Senghor Reid

Weathering the Storm

Above, <em>Before the Rain</em>, acrylic on canvas, 2008, 44 x 55 inches; below, <em>Early Summer</em>, acrylic on canvas, 2009, 29 x 50 inches.
Above, Before the Rain, acrylic on canvas, 2008, 44 x 55 inches; below, Early Summer, acrylic on canvas, 2009, 29 x 50 inches.


An art teacher at the Cranbrook Upper School in Michigan by day and a practicing artist by night, Senghor Reid, 41, has always called Detroit home. Here, he discusses the inspiration he gleans from the city, as well as Detroit’s troubled public schools and its thriving art scene.

“A lot of people don’t know that Detroit’s arts community has been alive and vibrant for many, many years. Despite the problems the city has faced over the last 15-20 years, the arts have remained strong. There’s such a rich and strong community that supports itself—artists are always supporting each other. We’re always buying each other’s work, helping each other on projects. Countless times, I’ve assisted other artists doing a mural, and then when it was my time to do a mural, I hired them. So you know, there’s a vibrant exchange between artists in Detroit. Now, with the resurgent downtown, there are more and more artists traveling here and trying to be a part of the art community—they find that this is a place where you can comfortably be an artist, feel supported, and believe in what you can do creatively.

In my paintings, I’m usually referencing my hometown. For these two paintings, I wanted to work with the horizon to create a sense of depth, that off in the distance, there was this city and these clouds. But are the clouds leaving? Are they heading towards the city? This was around the time that Detroit was going through financial crisis and bankruptcy. I was posing the question, Are there sunnier days ahead or is there more doom and gloom on the horizon? In the mid-1950s, Detroit reached its peak in terms of population density. There were over 2 million people living in the city at that time. Since then, in the past 60 or so years, there has been a steady decline in population. We hit bottom around the financial crash. There were certain portions of the city that, growing up, had always been abandoned—there were always eyesores. But in 2008 and 2009, we just got more eyesores; there was more abandonment on top of the abandonment that was already there.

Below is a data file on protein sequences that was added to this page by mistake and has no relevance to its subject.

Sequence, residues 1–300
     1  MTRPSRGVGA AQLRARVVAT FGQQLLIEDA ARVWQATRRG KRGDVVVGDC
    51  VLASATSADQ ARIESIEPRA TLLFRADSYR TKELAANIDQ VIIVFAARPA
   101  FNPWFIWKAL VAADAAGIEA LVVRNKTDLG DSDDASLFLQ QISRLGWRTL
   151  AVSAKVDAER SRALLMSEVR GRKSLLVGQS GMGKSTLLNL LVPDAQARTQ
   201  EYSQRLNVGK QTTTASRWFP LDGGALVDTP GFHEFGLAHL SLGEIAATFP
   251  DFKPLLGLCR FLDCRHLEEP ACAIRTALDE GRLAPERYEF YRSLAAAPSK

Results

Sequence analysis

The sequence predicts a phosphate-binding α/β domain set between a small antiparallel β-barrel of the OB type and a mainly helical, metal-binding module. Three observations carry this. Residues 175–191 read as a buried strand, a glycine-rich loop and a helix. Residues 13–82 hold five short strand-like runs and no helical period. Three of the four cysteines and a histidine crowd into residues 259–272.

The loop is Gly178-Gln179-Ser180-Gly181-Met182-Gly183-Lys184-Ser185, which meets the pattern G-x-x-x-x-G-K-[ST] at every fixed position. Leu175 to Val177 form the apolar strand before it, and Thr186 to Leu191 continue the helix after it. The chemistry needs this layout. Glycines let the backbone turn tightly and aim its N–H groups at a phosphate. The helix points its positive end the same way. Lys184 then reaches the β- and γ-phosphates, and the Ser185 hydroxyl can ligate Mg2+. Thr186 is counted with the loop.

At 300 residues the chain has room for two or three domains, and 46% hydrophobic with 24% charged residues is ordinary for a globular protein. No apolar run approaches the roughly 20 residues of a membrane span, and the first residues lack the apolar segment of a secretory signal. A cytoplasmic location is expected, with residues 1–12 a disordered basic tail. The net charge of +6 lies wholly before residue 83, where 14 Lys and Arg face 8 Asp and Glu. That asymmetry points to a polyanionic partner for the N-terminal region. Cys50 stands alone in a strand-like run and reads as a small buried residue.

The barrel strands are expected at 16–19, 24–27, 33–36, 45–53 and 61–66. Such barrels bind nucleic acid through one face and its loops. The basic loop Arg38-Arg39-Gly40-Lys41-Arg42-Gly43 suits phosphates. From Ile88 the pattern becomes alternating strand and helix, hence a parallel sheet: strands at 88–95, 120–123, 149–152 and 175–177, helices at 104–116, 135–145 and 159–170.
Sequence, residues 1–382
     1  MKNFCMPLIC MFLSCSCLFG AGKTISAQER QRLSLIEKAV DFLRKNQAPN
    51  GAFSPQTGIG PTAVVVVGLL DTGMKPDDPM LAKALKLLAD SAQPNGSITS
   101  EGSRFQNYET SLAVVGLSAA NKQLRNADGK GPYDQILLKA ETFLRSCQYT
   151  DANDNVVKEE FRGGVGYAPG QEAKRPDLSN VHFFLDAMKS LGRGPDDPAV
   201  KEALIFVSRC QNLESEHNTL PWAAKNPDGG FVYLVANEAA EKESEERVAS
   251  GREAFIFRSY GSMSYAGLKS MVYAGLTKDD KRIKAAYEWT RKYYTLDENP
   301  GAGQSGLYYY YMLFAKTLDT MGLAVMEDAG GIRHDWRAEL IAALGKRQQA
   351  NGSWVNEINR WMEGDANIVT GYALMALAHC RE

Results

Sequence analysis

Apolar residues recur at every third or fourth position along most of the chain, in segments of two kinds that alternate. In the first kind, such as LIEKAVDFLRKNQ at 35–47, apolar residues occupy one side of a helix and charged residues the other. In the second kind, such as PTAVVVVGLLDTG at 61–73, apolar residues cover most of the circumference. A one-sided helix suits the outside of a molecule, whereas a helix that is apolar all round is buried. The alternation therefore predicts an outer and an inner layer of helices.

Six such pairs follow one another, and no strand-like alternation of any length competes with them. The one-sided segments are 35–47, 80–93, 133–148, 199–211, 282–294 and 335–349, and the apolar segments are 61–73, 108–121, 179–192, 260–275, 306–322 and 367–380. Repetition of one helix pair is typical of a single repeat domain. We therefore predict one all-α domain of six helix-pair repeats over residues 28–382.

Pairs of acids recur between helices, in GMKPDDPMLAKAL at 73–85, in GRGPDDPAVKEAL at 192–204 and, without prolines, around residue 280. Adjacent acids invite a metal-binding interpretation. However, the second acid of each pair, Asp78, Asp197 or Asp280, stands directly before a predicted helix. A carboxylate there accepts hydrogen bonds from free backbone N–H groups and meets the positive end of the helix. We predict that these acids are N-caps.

SReid_Early Summer

A part of my work is in some ways trying to escape from those kinds of issues. I’m trying to create a happier picture that will keep people energized. I try to use colors that will inspire people and motivate them to do great things in the city. A few years ago, there was this whole ‘ruin porn’ thing where photographers would come into Detroit from all over the world to photograph our abandoned houses and structures. Maybe it was sort of revealing at first, but how many times are you going to show the same picture of Detroit and not provide any context for how or why this happened? Instead, it was like, ‘No, we’re going to just show these burned-down houses.’ And so in my art, I’m trying to combat that by creating something that will be a counternarrative to that kind of imagery.

Right now, there are these huge investments in Detroit. People are redeveloping structures downtown. And there’s been some building happening, a little on the riverfront and some other places. But for the most part, our neighborhoods still have lots of issues. About 20 years ago, the state took over our public school system, and left it in total ruin and shambles. There are abandoned schools that they’ve closed, and neighborhoods where children have nowhere to be educated. Those problems still persist. If you come to Detroit and just hang out downtown, you’ll miss the full picture. The government will come in, close a school, and say ‘We’re going to close the schools in this one district, and we’re going to make all the kids go to a charter school.’ Then the charter school closes in two or three years. It’s just a mess. The big question that we face is, okay, you’ve got these hipsters coming in and they’re 20-or early 30-somethings, and they’re living in Detroit and that’s cool. But when it’s time for them to settle down and raise a family, where are their kids going to go to school? What neighborhood are they going to live in? And so a lot of times, those people end up leaving the city, moving out to the ‘burbs, or just relocating altogether to another state to raise their families. There are these migrations that are happening right now. It was an option for me a few years ago but I’m committed. My home is here; my family is here.”

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Noelani Kirschner is a former assistant editor for the Scholar.


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